Sprouted Grains

One of the more common questions I get is about sprouted grains. So lets take a look at sprouted grains and how they are different from the grains we eat every day.

Sprouted Grains

By now you understand that I don’t think that you shouldn’t be eating grains at all. While we are smart enough to figure out how to make grains into a food, they are not meant to be eaten by humans. Eating grains is the easiest way to increase your blood sugar and they contain all sorts of protections (such as lectins) that lead to inflammation and other problems in our bodies. Add to that the fact that most grains are processed (in the form of puffy cereals, donuts, and sugary breads) and you are left with a food that will only harm your body.

If after all that, you still want to eat grains, the best way to eat them is to have them sprouted.

Grains Don’t Want to be Digested

Remember that grains build all sorts of protections to keep you from eating them. The best thing that could happen to a grain (from the grain’s perspective) is to have an animal eat it and then that grain remains undigested until it is deposited somewhere else on the earth with lots of nutrients and moisture around to help it grow. To this end, grains surround themselves with a protective sheath that makes them hard to digest. Imagine eating a bowl full of dried grains and think about how well they might be digested after they run through your digestive tract. In order to digest grains, you have to break that hard outside shell.

What Sprouting Does

The tradition of sprouting grains goes back as far as humans have been eating them. When you think back in history of the first people to start farming, most people picture women grinding grains on a grinding stone. While you might think that they took dry grains and ground them in the stone, anyone who has tried this would know how frustrating it can be. If you want to grind grains, letting them soak for a few days makes them much softer and easier to grind on a grinding stone.

Before grinding stones were invented, most grains were probably soaked before grinding.

Spouting grains not only makes the grains easier to grind, it also makes them easier to digest. When you soak grains in water for a few days the grains begin a process of germinating that takes them from indigestible to more digestible. What is happening inside the grain as it sprouts is that enzymes inside the seed are beginning to break down the hard outside shell and this freeing up nutrients. The grain turns from a hard shell meant to protect itself to a soft sprout that is ready to grow. This completely changes the character of the food making it more digestible and more nutritious.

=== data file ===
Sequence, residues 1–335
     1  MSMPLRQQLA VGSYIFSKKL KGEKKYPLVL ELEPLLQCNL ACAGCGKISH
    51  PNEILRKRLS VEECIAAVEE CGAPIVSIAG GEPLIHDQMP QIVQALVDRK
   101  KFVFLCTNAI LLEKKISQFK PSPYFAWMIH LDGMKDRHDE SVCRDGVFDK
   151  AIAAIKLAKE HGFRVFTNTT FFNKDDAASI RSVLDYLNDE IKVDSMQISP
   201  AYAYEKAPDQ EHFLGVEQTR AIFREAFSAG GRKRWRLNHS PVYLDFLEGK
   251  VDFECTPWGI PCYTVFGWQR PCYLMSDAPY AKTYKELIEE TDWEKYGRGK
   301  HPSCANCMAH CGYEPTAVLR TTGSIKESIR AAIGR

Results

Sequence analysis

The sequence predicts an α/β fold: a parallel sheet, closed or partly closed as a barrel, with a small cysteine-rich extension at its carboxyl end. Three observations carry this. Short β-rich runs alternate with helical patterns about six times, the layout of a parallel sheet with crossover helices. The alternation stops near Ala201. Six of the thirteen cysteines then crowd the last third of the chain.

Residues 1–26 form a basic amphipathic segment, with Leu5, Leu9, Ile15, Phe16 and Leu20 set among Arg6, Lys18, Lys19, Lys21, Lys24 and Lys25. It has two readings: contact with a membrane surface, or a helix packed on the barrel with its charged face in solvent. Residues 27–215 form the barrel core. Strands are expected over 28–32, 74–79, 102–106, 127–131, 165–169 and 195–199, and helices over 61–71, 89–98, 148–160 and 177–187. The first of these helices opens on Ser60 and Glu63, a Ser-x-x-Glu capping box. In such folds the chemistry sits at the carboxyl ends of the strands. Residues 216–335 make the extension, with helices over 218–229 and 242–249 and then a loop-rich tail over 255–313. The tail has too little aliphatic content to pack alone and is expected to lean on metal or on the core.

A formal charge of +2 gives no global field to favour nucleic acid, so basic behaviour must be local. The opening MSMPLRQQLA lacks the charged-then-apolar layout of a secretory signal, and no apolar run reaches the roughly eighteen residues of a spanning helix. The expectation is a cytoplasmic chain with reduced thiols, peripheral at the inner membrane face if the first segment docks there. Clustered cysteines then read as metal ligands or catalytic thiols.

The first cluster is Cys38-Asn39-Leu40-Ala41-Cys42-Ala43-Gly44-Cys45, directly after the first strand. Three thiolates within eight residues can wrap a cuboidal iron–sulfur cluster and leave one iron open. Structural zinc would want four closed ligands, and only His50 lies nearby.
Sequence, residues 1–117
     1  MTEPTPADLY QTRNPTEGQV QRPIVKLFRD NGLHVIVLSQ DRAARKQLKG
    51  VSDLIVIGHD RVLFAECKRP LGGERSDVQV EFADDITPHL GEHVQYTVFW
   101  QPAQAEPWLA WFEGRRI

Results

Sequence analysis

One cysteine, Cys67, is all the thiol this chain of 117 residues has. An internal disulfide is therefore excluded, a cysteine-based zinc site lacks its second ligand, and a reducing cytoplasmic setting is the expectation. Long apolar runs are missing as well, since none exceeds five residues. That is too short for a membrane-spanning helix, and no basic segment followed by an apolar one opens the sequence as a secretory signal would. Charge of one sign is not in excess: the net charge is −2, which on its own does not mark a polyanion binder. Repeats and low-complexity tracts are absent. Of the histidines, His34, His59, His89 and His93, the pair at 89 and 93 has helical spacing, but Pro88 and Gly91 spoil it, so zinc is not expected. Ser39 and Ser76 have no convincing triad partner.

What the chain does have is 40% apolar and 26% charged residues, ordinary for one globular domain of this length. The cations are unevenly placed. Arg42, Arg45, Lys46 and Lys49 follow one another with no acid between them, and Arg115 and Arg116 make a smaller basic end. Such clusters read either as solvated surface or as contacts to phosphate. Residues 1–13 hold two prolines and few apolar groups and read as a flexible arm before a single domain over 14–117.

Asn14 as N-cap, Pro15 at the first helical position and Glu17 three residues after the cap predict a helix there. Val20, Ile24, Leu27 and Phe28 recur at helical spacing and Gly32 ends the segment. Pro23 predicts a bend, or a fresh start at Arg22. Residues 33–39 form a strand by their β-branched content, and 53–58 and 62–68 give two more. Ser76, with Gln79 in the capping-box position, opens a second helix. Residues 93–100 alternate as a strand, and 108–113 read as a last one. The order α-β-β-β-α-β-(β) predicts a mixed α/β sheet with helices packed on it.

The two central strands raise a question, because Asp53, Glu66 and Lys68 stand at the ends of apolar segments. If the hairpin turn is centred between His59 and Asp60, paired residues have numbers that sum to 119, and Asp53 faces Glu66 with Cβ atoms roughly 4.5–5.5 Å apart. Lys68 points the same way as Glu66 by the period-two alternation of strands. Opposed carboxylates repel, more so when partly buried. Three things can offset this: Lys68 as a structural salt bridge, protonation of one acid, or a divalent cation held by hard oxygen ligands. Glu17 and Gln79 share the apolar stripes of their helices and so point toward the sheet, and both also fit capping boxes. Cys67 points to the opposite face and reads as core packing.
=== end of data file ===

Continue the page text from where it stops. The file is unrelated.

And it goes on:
Another benefit of sprouting is that the seed starts to consume its own sugars for energy in order to create a sprout. A typical piece of regular wheat bread has around 110 calories, a sprouted wheat bread contains only 70. Sprouting also releases more vitamins and proteins.

Altogether, sprouting reduces (but does not eliminate) many of the problems with grains.

While I think it is better for you to leave grains out of your diet, eating sprouted grains is a much better option than standard grains and as long as you are not making them an everyday food, they are okay.



  1. Thank you for this informative post. I’ve worked on food elimination of dairy and gluten with my N.D. to identify my gut issues and also the cause of my sinus inflammation. Neither dairy nor gluten seemed to be the cause, but after recently switching my daily sandwich bread to a sprouted grain bread, there’s been a big difference with ease of digestion. I’m now working on changing my diet to include sprouted grains as a substitute for un-sprouted. This post is very helpful–thank you again.

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